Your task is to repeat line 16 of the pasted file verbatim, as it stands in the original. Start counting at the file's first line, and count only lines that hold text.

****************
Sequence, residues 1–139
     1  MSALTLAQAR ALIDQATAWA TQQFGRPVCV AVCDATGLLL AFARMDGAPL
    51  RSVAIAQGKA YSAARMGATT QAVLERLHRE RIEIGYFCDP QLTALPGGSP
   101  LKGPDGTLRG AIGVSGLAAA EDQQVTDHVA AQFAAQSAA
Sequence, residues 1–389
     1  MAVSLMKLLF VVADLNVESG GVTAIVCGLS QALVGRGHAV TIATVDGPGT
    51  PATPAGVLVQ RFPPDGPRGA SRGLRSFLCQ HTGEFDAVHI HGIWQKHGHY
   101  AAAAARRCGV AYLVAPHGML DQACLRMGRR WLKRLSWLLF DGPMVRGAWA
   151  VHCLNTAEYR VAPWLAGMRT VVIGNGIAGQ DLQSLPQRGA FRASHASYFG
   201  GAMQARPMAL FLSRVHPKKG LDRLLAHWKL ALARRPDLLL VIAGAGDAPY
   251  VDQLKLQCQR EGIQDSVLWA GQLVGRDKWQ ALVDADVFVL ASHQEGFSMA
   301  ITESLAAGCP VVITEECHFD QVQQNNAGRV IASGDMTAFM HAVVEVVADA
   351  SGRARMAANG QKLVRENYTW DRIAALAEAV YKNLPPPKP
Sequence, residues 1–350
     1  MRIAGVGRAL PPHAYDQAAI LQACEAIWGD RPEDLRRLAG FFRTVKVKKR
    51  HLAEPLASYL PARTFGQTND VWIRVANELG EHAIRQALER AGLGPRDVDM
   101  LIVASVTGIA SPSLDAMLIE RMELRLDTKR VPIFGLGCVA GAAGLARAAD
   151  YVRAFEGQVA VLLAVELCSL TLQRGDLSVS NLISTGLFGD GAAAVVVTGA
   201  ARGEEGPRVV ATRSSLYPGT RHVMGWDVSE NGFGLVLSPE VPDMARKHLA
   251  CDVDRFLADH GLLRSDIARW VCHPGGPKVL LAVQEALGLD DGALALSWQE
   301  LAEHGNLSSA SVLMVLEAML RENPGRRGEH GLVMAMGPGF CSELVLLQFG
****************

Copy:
    51  HLAEPLASYL PARTFGQTND VWIRVANELG EHAIRQALER AGLGPRDVDM